When Caring becomes too much…

The MDABC recognizes that many people who are caring for loved ones with mental health concerns are struggling themselves. Confusion about where to go for help and support, exhaustion from dealing with the loved one, and feelings of powerlessness in the face of the illness can compound to leave people feeling unable to cope. Sometimes, when it all becomes too much, caregiver burnout can develop.

Some signs that you may be experiencing caregiver burnout include:mom and daughter

  • Withdrawal from friends and family
  • Loss of interest in activities previously enjoyed
  • Feeling blue, irritable, hopeless, and helpless
  • Changes in appetite, weight, or both
  • Changes in sleep patterns
  • Getting sick more often
  • Feelings of wanting to hurt yourself or the person for whom you are caring
  • Emotional and physical exhaustion
  • Excessive use of alcohol and/or sleep medications
  • Irritability

If you are feeling overwhelmed, it’s important that you try to get the help and support that you need to cope and feel better. It is also essential that you take steps to make self-care a priority in your life in order to prevent burnout.

We invite you to join us at the Counselling and Wellness Centre at MDABC on June 24th for a free lecture on caregiver burnout. You can click on the image below to go directly to the Eventbrite Registration page. caregiver burnout (1) 

Gratitude Meditation

On Tuesday, May 10th the MDABC hosted a training event for our volunteers and staff in which we explored the ways in which we would like to grow as an organization and how we can all contribute to our organization’s mission. We had a lot of spirited discussion as we attempted to reach a better understanding of how to work together towards our common goals.   We ended our session with a gratitude meditation which we’d like to share with all of you.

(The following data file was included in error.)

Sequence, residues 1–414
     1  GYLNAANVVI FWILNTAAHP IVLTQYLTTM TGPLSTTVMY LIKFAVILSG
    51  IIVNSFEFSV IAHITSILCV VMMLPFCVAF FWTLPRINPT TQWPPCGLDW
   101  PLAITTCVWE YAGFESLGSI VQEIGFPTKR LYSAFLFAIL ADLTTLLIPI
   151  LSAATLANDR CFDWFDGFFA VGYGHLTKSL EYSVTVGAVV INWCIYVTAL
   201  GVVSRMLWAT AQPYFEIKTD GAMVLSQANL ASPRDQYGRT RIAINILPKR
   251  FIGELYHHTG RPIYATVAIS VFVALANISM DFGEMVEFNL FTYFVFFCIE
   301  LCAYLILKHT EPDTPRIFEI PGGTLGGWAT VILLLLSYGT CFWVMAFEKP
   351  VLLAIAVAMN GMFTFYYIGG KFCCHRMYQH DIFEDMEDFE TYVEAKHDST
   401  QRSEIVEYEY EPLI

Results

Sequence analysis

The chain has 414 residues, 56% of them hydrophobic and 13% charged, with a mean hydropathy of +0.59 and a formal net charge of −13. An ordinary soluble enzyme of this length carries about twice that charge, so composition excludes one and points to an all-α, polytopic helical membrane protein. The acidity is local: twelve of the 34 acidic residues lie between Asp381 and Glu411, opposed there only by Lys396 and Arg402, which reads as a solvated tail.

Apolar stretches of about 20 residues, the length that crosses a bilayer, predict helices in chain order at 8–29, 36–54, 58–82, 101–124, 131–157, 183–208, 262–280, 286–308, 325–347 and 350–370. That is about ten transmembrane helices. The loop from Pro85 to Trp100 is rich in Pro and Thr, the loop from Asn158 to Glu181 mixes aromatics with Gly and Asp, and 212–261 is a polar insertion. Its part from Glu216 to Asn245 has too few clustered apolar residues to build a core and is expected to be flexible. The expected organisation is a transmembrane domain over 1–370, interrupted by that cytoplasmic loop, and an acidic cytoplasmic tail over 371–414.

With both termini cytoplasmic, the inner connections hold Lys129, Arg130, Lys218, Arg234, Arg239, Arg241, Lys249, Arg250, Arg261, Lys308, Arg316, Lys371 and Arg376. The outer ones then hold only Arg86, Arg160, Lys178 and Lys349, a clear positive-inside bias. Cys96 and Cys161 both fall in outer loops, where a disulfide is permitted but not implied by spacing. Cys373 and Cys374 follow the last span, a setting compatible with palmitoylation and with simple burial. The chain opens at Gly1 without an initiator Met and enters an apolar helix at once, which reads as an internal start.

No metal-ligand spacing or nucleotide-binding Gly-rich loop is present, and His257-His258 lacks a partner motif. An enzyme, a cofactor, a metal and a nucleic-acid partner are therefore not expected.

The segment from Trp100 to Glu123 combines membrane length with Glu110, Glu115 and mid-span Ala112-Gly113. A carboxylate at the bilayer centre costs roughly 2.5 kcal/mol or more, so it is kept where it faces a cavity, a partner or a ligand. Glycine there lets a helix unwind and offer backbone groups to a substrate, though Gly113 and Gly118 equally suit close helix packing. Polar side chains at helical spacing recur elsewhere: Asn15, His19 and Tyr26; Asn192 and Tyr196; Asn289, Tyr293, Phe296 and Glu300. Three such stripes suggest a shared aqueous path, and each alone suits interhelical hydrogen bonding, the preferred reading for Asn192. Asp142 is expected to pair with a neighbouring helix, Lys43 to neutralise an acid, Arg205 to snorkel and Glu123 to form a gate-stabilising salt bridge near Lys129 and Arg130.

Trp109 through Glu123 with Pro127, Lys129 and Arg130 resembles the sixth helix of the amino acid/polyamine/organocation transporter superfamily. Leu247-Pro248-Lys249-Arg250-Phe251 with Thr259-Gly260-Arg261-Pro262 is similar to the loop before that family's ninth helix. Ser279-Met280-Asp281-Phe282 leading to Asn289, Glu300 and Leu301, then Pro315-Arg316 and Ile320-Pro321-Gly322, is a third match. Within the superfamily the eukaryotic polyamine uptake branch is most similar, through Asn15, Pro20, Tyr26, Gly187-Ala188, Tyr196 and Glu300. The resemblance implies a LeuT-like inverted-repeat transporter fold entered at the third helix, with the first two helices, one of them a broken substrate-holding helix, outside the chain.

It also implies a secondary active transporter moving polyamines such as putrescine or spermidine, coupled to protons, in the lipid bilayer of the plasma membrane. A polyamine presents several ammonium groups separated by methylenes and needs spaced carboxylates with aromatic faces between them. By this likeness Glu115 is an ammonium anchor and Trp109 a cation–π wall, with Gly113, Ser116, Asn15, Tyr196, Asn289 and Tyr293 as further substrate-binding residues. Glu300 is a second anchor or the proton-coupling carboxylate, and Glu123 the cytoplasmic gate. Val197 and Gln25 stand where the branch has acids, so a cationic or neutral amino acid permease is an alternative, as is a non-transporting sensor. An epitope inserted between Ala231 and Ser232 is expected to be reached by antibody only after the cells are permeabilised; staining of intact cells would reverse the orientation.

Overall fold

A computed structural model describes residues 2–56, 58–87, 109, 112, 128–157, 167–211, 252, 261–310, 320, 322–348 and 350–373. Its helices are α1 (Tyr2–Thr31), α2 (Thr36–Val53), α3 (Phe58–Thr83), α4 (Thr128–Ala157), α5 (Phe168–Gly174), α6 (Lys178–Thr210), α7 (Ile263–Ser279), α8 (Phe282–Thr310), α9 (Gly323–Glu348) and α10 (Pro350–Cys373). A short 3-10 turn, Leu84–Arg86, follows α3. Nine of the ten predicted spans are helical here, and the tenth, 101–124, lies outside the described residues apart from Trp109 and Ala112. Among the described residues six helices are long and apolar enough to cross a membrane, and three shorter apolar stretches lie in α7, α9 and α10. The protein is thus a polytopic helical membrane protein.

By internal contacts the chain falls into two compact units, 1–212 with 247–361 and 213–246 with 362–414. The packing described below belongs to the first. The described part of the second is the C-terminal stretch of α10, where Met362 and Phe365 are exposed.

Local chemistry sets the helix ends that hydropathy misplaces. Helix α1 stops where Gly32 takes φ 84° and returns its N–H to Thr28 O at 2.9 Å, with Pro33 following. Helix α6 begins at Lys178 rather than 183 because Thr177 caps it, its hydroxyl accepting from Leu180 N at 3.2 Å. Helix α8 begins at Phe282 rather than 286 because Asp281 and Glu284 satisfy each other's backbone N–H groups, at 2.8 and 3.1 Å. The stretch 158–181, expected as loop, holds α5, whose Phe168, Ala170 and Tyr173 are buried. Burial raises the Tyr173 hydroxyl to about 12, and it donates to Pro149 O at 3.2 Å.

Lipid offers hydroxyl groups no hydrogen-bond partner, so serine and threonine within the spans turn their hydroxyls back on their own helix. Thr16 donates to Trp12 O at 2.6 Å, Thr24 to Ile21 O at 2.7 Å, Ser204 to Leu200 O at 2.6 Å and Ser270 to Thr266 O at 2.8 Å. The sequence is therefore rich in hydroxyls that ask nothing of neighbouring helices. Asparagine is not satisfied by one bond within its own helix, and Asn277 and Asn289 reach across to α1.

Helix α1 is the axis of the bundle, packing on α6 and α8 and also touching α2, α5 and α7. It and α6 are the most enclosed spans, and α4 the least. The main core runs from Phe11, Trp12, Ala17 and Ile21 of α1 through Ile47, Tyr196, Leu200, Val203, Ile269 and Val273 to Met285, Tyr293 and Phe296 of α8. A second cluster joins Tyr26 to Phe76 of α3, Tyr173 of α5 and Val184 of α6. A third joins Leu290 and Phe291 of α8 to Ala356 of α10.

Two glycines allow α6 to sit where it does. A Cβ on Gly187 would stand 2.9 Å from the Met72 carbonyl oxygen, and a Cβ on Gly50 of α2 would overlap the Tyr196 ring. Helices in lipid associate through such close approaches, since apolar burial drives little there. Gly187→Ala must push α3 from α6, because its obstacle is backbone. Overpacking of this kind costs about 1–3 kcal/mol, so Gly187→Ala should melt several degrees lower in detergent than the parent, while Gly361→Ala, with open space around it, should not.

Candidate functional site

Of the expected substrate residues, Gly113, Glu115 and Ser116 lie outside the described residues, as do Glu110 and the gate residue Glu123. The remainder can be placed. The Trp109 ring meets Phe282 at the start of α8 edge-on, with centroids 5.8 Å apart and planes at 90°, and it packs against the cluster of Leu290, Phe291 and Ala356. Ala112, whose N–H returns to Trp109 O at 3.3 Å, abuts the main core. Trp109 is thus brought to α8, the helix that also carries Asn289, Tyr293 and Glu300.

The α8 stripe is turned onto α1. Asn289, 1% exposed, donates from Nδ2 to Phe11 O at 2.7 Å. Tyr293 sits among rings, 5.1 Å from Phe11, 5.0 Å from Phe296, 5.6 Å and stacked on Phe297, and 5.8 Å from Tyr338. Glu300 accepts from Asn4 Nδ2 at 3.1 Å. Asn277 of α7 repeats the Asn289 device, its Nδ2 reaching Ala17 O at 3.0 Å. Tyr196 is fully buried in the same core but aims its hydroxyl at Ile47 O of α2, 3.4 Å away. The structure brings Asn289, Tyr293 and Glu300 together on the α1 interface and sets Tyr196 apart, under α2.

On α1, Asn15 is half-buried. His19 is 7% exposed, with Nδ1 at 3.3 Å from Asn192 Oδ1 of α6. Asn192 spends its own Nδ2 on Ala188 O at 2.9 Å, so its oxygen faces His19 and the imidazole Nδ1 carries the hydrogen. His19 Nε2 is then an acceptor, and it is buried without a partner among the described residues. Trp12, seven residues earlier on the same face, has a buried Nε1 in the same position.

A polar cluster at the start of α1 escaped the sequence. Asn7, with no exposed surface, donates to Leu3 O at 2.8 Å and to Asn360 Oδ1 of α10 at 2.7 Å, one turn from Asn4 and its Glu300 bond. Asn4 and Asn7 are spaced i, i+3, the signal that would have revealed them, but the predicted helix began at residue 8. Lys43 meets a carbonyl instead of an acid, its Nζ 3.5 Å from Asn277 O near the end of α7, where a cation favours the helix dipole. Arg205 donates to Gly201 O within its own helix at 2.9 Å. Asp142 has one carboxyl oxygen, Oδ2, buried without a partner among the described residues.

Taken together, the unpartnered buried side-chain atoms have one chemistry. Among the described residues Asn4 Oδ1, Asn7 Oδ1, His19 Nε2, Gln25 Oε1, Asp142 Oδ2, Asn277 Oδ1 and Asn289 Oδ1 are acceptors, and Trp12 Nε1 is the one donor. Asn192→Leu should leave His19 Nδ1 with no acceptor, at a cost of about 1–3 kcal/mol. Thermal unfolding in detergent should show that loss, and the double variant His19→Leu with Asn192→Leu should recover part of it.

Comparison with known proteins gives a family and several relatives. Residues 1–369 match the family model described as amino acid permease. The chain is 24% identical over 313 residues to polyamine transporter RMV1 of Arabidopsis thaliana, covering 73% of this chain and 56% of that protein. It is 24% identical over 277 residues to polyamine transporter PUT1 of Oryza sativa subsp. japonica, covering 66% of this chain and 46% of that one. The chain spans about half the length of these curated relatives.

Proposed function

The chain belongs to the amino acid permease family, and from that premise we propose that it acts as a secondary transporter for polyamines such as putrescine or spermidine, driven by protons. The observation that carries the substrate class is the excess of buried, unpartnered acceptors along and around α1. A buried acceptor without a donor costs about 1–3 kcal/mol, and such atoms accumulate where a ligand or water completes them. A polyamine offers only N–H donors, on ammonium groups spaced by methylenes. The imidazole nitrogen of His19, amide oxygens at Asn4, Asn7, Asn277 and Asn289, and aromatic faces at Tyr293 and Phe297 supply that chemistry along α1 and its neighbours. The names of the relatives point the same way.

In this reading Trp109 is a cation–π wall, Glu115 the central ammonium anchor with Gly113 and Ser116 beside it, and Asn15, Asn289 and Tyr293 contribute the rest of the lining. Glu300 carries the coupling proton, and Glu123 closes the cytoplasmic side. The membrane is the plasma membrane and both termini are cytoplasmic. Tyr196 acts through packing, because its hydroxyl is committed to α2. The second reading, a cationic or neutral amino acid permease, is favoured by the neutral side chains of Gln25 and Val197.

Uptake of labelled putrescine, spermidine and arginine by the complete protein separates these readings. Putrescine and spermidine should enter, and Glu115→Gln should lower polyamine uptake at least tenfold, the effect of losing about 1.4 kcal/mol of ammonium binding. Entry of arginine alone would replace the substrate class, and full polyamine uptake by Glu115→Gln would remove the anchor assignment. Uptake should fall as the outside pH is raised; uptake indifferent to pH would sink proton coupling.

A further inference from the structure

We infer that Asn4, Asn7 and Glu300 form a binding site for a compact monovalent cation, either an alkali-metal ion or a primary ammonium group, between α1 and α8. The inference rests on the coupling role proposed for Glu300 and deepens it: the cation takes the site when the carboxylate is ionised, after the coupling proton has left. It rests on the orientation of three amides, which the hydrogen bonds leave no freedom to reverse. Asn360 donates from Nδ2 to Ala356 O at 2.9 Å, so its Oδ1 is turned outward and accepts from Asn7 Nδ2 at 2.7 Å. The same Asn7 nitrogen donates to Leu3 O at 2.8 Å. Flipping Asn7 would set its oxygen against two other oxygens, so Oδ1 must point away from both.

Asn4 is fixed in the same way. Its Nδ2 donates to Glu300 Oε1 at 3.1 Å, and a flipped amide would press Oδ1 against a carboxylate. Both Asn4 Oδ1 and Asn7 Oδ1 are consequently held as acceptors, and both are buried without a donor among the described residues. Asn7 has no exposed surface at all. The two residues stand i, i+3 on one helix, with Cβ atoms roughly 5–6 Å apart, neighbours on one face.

Gratitude Meditation

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Get into a relaxed seated posture. Bring your hands together to form a bowl and close your eyes. Take a few deep, calming breaths to relax and centre. Slowly, take three deep breaths and repeat the words “For this day, I am grateful.”

  1. Next, bring to mind those people in your life to whom you are close: your friends, neighbors, family, coworkers…. Repeat the words, “For the people that I share my life with, I am grateful.”
  1. Next, turn your attention to yourself: you are a unique individual, and you possess imagination, the ability to communicate, the ability to learn from the past and plan for the future, and the ability to overcome any pain you may be experiencing. Repeat the words, “For all of my abilities, I am grateful.”
  1. Finally, think about something that you saw or felt today that made you smile. It could be as small a thing as seeing a child laugh or the feeling of a soft breeze on your skin. Repeat the words, “For being able to see the ordinary as beautiful, I am grateful.”

Continue to focus on your breath as you take 3 more deep breaths. Open your eyes and look into the bowl that you have made with your hands. Realize that your bowl is full of all the things that you have expressed your gratitude for. When you are ready, release your hands and prepare to meet the rest of your day with a renewed sense of wellbeing.